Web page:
The Role of Cortisol in Sub-Fertility of Farmed Female Rainbow Trout
The rainbow trout (Oncorhynchus mykiss) has been farmed for several hundred years and as such many production aspects are highly efficient using the current well-established practices. However, current research and development is attempting to increase production efficiency and sales by increasing rearing densities, improving diets, and increasing growth rates. As it is a hardy, fast-growing species that is tolerant to a wide range of environments and handling, it has become the dominant freshwater salmonid farmed in Europe and North America. Females are able to produce up to 2,000 eggs per kilogram of body weight, with most wild fish spawning once a year; however, selective breeding and photoperiod adjustment has developed hatchery strains that can mature earlier and spawn year round. Even with all that is known about the life history of
rainbow trout, research at one of the world's leading rainbow trout broodstock facilities showed that ~13% of females produce sub-fertile eggs, significantly decreasing expected production rates and thus revenue. If this problem could be solved, it would be a way to increase production and revenue without increasing stocking density and the negative side effects associated with doing so. Unfortunately, not much is known about the issue other than that it exists - this project would attempt to answer the "why" so that production could be safely increased and the findings applied to other species with the same problem. The overall objective of this project is to investigate the role of the stress hormone cortisol in sub-fertility using a whole-animal approach that investigates both the maternal hormone profile as well as embryonic viability. I am hypothesizing that chronically elevated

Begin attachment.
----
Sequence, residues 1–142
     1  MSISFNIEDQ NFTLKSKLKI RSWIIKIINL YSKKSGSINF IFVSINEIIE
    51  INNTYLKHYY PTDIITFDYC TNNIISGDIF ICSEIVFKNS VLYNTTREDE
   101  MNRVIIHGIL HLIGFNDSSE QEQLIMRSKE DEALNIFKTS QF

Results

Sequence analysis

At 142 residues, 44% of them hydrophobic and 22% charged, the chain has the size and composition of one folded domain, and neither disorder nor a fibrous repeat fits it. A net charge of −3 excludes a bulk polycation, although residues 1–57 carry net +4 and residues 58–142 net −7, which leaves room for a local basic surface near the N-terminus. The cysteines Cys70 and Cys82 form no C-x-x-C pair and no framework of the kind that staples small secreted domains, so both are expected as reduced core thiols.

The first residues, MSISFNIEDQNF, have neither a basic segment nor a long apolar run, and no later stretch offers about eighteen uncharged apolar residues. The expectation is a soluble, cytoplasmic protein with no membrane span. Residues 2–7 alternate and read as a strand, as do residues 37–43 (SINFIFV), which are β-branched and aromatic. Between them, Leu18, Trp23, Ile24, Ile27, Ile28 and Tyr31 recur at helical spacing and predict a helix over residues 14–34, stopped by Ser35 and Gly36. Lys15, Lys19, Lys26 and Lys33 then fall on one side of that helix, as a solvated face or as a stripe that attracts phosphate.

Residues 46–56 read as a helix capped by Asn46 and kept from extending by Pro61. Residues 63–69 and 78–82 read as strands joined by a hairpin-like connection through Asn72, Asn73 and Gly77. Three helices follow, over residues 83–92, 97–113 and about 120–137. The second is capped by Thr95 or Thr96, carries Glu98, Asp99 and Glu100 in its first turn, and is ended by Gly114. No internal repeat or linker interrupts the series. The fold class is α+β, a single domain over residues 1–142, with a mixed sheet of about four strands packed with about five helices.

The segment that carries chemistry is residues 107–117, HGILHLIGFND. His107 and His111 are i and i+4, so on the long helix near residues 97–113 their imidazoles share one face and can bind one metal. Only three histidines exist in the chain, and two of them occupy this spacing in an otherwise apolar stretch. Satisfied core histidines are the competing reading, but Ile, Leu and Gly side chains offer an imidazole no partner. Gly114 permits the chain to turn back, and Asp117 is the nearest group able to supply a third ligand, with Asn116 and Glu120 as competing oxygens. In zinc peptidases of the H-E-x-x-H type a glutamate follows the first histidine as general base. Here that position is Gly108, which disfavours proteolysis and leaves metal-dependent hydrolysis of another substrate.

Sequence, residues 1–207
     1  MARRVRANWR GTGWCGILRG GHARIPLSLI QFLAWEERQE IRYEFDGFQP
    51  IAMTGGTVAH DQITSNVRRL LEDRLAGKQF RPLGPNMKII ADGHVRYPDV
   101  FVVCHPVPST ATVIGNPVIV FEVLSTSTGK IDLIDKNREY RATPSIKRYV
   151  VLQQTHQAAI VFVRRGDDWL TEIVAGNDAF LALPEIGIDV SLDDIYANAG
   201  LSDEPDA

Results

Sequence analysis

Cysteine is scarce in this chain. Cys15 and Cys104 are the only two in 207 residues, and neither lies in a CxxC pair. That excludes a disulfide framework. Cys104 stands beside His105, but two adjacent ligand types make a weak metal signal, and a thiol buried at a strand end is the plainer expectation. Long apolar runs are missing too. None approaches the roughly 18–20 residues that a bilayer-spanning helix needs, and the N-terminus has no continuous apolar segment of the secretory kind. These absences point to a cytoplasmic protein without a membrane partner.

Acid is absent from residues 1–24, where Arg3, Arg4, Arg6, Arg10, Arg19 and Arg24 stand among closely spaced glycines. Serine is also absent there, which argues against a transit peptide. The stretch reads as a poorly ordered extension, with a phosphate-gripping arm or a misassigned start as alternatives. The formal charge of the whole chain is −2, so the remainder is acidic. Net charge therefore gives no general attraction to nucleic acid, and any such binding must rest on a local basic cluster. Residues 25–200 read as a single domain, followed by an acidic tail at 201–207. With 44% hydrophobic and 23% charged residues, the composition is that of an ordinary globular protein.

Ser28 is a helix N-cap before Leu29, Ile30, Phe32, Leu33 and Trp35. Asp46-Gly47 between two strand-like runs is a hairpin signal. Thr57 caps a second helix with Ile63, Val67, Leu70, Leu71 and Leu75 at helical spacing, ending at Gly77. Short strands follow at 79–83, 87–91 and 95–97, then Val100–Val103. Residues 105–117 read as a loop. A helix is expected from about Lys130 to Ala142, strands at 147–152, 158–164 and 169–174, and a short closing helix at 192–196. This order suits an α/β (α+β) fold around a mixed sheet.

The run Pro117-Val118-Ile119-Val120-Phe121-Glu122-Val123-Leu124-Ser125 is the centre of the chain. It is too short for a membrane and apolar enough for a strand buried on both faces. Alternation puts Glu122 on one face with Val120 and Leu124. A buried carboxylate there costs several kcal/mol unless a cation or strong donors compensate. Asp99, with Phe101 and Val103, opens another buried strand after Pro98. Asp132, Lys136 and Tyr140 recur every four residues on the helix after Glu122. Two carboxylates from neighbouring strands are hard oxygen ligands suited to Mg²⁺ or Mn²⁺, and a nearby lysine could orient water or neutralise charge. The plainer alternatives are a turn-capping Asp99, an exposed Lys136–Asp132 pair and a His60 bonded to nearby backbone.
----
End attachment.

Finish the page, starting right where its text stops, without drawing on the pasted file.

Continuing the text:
levels of circulating cortisol will negatively impact reproductive success, and thus facility productivity, of farmed female rainbow trout. I will test this hypothesis by injecting recently spawned farmed female rainbow trout with slow-release cortisol implants for four consecutive months of the twelve month reproductive cycle. Two additional groups will be implanted 4 and 8 months after spawning. I will collect blood samples every month during the implantation period and then sample blood and tissue every three months for the remaining time. At the time of ovulation, fish will be stripped of their gametes to determine whether or not they are sub-fertile and assess the survival of resulting embryos. The results of this study will provide insight on the cause of sub-fertility in farmed female rainbow trout and what changes could be made to improve facility production.